Fire ants are no mere annoyance—as anyone who has accidentally stepped on one of their mounds will tell you, a fire ant's sting can be painful for weeks. Gardeners who have tried to eliminate fire ant colonies know there is no shortage of advice on how to get to rid of the mounds, but few truly effective methods. But does that mean you need to turn to a toxic solution? No, says Dr. Sanford Porter, a researcher at the USDA-ARS Center for Medical, Agricultural and Veterinary Entomology in Gainesville, Florida, who has studied fire ants for more than a decade. Here is Dr. Porter's assessment of the many nontoxic methods gardeners' try to get rid of fire ants.
Bucketing fire ant colonies
This is one of the simplest ways of dealing with one or two problem colonies. Basically, the procedure is to rapidly dig the mound and a foot or so of soil under the mound and dump it into one or several large buckets. Sprinkling the bucket and shovel with baby powder or cornstarch before you starts keeps the ants from climbing out of them. Remember to tuck your pants into your socks to keep the ants where you can see them.
Dig up the soil at a time of day when most of the colony is in the mound. In the spring, the best time is usually mid- to late morning. In the summer, it might be early morning.
Once the ants are in the bucket, you can choose to drown the ants or simply to carry them to some place where they are not a problem. If you choose to drown the ants, add a generous squirt of dish soap, water from a hose, and stir to mix the soap throughout the mud in the bucket. The soap breaks the surface tension and drowns the ants much more quickly. It usually takes overnight to kill the ants. In the heat of the summer, they will probably drown faster, but on cool days in the spring, it may take longer. It is best not to fill the buckets more than three-quarters full of ants and dirt so there is room to add the water.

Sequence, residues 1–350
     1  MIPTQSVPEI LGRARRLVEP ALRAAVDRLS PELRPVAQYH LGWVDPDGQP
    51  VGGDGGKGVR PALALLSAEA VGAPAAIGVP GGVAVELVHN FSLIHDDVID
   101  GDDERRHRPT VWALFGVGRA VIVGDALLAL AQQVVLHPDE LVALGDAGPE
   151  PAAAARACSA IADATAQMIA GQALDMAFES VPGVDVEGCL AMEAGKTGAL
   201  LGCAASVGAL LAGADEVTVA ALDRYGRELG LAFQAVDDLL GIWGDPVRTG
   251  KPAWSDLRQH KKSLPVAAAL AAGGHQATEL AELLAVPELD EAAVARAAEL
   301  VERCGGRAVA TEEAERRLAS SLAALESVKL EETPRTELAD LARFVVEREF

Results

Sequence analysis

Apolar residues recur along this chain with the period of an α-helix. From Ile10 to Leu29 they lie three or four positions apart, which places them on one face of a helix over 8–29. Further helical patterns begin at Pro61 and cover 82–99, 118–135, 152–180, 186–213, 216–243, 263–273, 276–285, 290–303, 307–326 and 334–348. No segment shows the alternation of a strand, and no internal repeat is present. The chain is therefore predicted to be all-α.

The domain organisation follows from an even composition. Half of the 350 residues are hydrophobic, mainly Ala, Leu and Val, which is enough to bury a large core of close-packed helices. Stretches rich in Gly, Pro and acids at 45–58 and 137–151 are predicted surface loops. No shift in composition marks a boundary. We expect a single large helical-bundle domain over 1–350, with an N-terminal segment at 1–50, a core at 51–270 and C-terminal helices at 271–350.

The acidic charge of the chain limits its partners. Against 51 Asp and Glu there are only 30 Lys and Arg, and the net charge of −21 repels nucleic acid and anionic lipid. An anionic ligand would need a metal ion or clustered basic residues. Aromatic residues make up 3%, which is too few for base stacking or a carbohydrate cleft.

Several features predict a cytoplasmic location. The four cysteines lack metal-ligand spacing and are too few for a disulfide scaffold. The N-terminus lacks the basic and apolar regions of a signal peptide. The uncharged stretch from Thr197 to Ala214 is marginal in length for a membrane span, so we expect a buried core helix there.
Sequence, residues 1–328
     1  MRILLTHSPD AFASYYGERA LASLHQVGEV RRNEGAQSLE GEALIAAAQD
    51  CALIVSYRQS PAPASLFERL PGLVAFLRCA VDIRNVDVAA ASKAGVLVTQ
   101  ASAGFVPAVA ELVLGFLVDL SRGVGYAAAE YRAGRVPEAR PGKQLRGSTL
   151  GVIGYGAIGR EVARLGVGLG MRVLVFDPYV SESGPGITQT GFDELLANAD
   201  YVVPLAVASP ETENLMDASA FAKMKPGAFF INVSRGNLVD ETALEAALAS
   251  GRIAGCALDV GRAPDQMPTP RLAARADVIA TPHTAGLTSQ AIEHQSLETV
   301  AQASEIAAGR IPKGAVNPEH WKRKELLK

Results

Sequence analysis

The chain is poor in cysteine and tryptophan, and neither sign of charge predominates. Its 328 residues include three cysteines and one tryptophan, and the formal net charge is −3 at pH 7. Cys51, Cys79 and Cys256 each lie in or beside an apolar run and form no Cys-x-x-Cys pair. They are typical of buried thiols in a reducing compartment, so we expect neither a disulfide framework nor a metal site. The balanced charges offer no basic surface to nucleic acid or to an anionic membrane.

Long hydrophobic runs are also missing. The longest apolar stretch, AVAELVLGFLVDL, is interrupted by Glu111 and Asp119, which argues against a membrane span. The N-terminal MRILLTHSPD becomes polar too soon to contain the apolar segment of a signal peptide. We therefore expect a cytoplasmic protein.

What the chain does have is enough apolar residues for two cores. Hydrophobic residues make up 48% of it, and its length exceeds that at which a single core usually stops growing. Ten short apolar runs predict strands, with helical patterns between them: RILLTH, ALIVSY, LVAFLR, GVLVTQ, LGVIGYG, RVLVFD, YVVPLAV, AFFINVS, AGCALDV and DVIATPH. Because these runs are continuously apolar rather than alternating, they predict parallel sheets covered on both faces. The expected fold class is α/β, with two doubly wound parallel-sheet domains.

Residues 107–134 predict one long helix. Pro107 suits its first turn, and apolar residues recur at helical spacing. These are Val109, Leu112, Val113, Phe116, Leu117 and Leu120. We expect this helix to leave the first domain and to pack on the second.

Pouring hot water on the mounds is effective and environmentally friendly, but may require 3 or 4 applications to kill the colony. Water should be at least scalding hot, but does not need to be boiling. This works best when you use 3 to 4 gallons of water in each application. WARNING: Hot water kills grass and shrubbery and may cause severe burns if spilled.
Ineffective. The theory is that the fire ants will eat the dry corn grits, drink some water, and then die as the corn grits expand inside them. The image of greedy little ants exploding like popcorn inside their mounds is very compelling. The problem is that fire ant workers only drink liquids; they are incapable of ingesting solids. Fire ant larvae will eat solid food, but they chew it up and mix it with saliva just like we do before they swallow it. Grits simply don't work, so any perceived effects are due to mound disturbance and colony movement. (Don't look so skeptical—it's true!)
Ineffective. See corn grits above.
Little crystals of silica are supposed to scratch the ant's cuticle so they dehydrate and die. Indeed, if you take a colony of ants and shake them up in bag with diatomaceous earth, about half die. But when you use it on ants outside they usually find ways to avoid it so not many ants are killed. They will not eat it in food and foraging ants do not track it into colonies where it might kill the queen or young fire ants.
Mixing different colonies together
The idea is that workers from the two colonies fight until they kill each other. Workers from two single-queen colonies will fight if they are mixed, but it will rarely result in both or even one colony being killed. However, if you mix fire ant colonies together with multiple-queens in them, it only makes for a bigger party.